Sometimes it is so difficult to find the right combination that an adjustment can throw the whole balance out of the window.
    I’m a very happy that medication exists because I know I couldn’t have done it without the extra help. I don’t understand the ‘shaming’ at all. I think people, when shaming, don’t know what they are talking about. Medication is not an ‘easy’ way out bc it won’t make all your ‘it’s-all-between-the-ears-problems’ go away. And when it’s working, isn’t that a clear sign it was needed anyway? Very informative post.

      1. I feel like it may stem from massive misinformation. Because in this day and age we are able to cure everything with food and some sun-therapy. They need a selling point, a reason to sell extra supplements or remedies. I believe that is one of the reasons.
        But even worse I think are being viewed like ‘not being able to recover on their own, leaning on their own recourses’. Like in AA (see Beckies response), when on meds you’re not ‘clean’.
        Implying that when you cannot recover just on willpower, you ‘choose’ to be ill.
        Like with anti-vaxxers who say that you can recover from measels, that is no problem at all!
        I can rant and write all day. Good topic!

  7. I have to admit I find at times I pick up on different attitudes amongst more experienced colleagues with regards to medication in general. Especially in pharmacy. Some doctors and pharmacists seem keen on reducing the amount of regular medication patients are taking. When it comes to mental health, I think there is a different attitude. We know so many patients who have made a lot more progress or found a lot more stability due to medications, and if they have stopped taking that medication before it was advised wise, they have often had serious setbacks.

    On a more personal level, I have a number of friends who have taken antidepressants or other medication. I have heard various views from them. Some are grateful for it and clearly feel they could not function as effectively without it. Others have had challenges finding the appropriate medication for them and express some frustration. I know a few people who, despite having mental health issues, are scared of medication and prefer alternative support services such as counselling.

    I respect that as in other health care avenues, most patients have a right to self-determination (although I don’t know what happens in serious cases of illness) and it is wise for patients to be well educated about their own symptoms, triggers, diagnosis and the treatment options available. I often think that when someone has confidence in the professionals and the choice of treatments it can be a great aid to how much they benefit from such.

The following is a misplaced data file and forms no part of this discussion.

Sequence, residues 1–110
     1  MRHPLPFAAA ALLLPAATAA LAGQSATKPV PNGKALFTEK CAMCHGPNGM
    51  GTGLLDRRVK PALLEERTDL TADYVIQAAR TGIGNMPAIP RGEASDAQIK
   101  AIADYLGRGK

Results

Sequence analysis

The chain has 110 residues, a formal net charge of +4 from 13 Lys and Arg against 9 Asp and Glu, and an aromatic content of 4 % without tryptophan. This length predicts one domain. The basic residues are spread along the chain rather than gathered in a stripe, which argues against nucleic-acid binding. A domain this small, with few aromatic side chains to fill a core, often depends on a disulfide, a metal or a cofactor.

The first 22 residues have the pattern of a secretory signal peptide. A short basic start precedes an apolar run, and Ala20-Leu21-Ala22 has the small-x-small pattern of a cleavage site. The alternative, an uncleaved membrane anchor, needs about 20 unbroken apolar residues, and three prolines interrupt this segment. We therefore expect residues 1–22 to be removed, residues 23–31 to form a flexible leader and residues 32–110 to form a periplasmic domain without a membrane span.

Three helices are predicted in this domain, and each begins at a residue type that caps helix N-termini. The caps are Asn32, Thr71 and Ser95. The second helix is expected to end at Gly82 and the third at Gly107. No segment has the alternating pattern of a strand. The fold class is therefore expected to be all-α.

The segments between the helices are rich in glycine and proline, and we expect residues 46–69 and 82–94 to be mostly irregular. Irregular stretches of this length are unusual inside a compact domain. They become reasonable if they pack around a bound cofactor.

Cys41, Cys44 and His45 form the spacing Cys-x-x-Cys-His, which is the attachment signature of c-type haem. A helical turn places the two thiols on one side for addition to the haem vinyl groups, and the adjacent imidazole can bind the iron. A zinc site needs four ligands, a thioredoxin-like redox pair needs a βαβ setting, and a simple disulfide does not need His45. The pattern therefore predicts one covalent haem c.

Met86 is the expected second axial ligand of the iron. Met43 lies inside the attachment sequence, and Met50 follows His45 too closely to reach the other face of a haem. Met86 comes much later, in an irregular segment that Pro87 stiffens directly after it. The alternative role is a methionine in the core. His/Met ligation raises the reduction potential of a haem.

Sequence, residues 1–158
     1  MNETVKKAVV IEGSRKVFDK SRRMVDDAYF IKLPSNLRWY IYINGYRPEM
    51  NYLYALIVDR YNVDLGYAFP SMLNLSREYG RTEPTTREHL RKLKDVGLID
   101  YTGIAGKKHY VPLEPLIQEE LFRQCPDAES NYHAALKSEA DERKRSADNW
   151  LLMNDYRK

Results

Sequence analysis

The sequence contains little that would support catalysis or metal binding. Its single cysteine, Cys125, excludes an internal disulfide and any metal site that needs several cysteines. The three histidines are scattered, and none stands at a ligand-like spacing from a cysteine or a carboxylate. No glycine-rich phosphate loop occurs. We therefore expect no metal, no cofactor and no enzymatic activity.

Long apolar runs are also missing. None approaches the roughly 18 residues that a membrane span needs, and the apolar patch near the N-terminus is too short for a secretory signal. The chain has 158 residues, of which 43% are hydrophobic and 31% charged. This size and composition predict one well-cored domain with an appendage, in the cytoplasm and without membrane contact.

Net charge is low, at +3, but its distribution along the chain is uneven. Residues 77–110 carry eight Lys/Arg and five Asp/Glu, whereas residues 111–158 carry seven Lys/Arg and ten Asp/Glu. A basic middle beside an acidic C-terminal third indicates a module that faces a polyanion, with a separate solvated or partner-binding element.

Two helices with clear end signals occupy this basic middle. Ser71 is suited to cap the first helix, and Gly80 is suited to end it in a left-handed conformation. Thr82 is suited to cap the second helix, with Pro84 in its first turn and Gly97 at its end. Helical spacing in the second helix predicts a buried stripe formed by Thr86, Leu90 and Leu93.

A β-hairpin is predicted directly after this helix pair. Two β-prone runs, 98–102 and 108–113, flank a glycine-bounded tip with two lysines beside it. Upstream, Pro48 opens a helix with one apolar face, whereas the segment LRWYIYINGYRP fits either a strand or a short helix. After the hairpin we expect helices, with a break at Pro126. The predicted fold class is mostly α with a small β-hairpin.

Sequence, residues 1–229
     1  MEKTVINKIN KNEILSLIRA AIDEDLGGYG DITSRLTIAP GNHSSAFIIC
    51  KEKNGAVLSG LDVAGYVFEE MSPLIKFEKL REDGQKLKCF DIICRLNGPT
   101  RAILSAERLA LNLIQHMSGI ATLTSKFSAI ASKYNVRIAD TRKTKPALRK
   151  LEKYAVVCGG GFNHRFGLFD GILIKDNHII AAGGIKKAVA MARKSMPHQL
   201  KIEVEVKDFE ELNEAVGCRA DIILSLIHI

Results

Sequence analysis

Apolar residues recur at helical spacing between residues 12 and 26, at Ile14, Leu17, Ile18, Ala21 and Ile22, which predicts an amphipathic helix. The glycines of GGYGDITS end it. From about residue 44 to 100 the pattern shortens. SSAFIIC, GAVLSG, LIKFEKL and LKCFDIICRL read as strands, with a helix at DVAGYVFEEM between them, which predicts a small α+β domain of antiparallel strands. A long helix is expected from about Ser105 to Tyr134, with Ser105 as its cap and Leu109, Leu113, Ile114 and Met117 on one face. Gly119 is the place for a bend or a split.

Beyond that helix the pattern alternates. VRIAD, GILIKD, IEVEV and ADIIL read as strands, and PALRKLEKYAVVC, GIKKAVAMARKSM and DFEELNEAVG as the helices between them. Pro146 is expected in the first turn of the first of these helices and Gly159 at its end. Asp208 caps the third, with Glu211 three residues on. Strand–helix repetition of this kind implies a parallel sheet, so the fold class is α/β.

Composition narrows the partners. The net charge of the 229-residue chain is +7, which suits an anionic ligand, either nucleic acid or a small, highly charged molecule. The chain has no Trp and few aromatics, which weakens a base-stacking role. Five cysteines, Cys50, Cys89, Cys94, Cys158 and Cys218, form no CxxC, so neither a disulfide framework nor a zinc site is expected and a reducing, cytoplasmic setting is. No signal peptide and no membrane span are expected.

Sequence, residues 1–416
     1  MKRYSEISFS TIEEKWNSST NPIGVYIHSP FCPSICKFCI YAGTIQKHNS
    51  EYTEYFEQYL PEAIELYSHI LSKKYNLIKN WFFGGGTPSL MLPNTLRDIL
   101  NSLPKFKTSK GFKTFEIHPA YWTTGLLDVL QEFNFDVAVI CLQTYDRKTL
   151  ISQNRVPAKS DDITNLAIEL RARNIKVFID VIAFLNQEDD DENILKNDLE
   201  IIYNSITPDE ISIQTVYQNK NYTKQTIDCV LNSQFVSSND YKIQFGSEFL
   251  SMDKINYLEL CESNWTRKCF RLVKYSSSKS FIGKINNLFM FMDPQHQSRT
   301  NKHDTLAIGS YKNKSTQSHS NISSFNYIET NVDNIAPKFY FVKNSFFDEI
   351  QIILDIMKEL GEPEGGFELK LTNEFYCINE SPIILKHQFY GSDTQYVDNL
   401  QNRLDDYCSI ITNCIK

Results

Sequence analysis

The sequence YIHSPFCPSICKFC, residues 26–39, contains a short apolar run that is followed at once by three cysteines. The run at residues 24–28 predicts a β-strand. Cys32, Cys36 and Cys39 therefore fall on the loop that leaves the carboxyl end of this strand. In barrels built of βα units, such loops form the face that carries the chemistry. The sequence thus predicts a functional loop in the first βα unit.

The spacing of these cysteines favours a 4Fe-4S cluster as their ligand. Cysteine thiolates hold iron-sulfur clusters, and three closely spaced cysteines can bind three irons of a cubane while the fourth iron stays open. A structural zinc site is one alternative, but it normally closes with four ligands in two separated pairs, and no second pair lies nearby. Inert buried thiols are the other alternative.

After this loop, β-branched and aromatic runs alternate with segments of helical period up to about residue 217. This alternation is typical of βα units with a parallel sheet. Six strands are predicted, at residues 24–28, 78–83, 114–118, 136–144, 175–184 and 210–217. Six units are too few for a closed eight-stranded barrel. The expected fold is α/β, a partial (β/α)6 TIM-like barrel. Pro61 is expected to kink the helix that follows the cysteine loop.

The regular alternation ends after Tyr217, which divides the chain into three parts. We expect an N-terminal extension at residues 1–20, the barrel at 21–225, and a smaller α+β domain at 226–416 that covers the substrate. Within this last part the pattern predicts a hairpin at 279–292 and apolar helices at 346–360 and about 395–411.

I have a friend who was diagnosed with BDP (although she is unconvinced) and her fears about the healthcare system are very worrying at times. One good thing is that she has opened up to talk more about it. I have a very good friend who is a psychologist, who has tried to support our friend. I have thought a lot about the fears she has had when I developed my fictional character Annabelle.

    I still think that some people are still fearful and unsure about mental/emotional illness. It’s so good to see people openly sharing their experiences, especially when they have had positive support from mental health services.

  8. Medication is incredibly helpful and people who stigmatize it causes others to stop taking it or not take it. And things like toxic memes spreads that stigma I find like the meme saying it’s better to beat a child with adhd then medicate them.

    I turned my back so many people because of their toxic beliefs regarding medication I can’t even count how many

  9. Since I’ve been on escatalopram (sp?) my life has drastically improved. Although my thoughts can still at times be negative or spiral and anxiety doesn’t completely evade me, I feel like I can attack life again without wasting so much energy on just being sad and worried. I’m pro-meds too now. I’ll always recommend doing everything you can before jumping straight in but they definitely help. I wish I tried it years ago…

  10. Medication has helped me a lot. In the beginning, I couldn’t engage in therapy without it. I know side effects are common, and it can be tough to find a workable cocktail. I feel therapy (with a good therapist) alongside meds saved my life.

  11. I am for medication despite not taking it myself. What you said about it not working alone to cure what you have is true. I think this is why I have had troubles with it working for me. I don’t combine it with therapy and other things. I always saw it as being the one thing that will change me completely. When it doesn’t, I stopped taking it.